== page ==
Sen. Gordon Humphrey (R-N.H.) has some questions about U.S. aid to Afghan freedom-fighters. He either suspects or knows that some of the arms being sent to guerrillas fighting the Russians are being ripped off. He has some questions he wants answered, but one of them, unfortunately, is not whether we should be aiding the Afghan fighters at all. Efficiency, not morality, is the subject on the table.
But if the Senate should lose its way and take up the question of morality, someone might ask if our Afghan policy is not an embarrassment to the United States. After all, we are covertly supplying arms to guerrillas who don't stand the slightest chance of winning and whose willingness to die in a lost cause is matched only by our willingness to provide them the means to do so.
Even in a world inured to horror, Afghanistan is a special place. Out of a population of around 14.7 million, maybe as many as 740,000 have been killed in the war. Another 3.5 million have fled to neighboring Pakistan. Whole villages are bombed by Soviet planes -- and then bombed again.
Of course, it is important to say that this is all the Russians' fault. They are the ones who invaded Afghanistan in 1979. It is also important to point out, though, that for years Afghanistan was forced to accommodate itself to Soviet interests, so we are not talking here of a country that could in any case become an American ally. That would simply not be permitted. And we are not talking, either, of a country that would, if the Soviets lost, become a democracy. Instead, it would probably become another theocratic dictatorship. Freedom, as we understand it, is not at issue here.
So then what are we doing in Afghanistan? In the language of the president, we are helping freedom- fighters -- although that's probably news the boys at the CIA. To the military, we're seeing what the Russians have got. And then there is the claim that aid to the Afghan rebels can be used as a bargaining chip with the Soviets: We suspend the arms shipment and they give us something in return. Maybe. But what the Soviets give in return will not have anything to do with Afghanistan itself. The war has cost them, certainly, but 9,000 dead and 16,000 wounded is not anywhere near enough for them to sound retreat and withdraw in humiliation. Afghanistan is not the Soviet version of Vietnam. Only a country with a free press and the right of assembly can have "a Vietnam" -- and even we would have reacted differently if we had been fighting just over our own border.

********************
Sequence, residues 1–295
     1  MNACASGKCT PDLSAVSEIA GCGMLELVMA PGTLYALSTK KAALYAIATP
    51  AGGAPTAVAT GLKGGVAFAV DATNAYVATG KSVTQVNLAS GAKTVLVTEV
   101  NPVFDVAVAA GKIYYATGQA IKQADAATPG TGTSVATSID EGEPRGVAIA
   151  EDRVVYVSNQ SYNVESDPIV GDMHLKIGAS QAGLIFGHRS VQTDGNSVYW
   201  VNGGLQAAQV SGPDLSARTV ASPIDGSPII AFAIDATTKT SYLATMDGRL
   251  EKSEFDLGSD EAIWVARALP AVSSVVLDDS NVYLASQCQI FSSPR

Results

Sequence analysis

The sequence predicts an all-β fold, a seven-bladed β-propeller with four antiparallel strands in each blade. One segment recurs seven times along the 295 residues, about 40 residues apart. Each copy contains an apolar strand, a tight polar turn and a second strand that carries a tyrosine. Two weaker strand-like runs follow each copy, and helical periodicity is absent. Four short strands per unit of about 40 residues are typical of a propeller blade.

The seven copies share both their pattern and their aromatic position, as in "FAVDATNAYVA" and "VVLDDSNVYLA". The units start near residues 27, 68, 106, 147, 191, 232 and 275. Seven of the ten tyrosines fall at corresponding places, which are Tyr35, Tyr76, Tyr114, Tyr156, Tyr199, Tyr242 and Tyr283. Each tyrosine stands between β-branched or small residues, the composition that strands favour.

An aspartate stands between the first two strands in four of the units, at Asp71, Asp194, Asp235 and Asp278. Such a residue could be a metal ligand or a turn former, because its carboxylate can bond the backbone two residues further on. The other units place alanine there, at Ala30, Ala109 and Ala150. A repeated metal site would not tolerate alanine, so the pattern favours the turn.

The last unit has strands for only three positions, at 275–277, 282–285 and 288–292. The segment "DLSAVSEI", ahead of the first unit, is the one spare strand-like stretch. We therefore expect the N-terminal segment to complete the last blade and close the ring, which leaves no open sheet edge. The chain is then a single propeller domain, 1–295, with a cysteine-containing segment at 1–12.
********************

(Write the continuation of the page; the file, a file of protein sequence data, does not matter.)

But if defenders of our Afghanistan policy are going to use the Vietnam analogy, then it's only fair to turn it against them. Once again, words like "freedom" and "liberty" are used to mask a cynical policy. Once again, the fight either cannot, or will not, be won. We are bleeding the Russians -- tying them down, evaluating them and taking their pulse, but when we tire of that, or they raise the stakes, we will cease our aid and sell out the Afghan guerrillas, as we did the Kurds.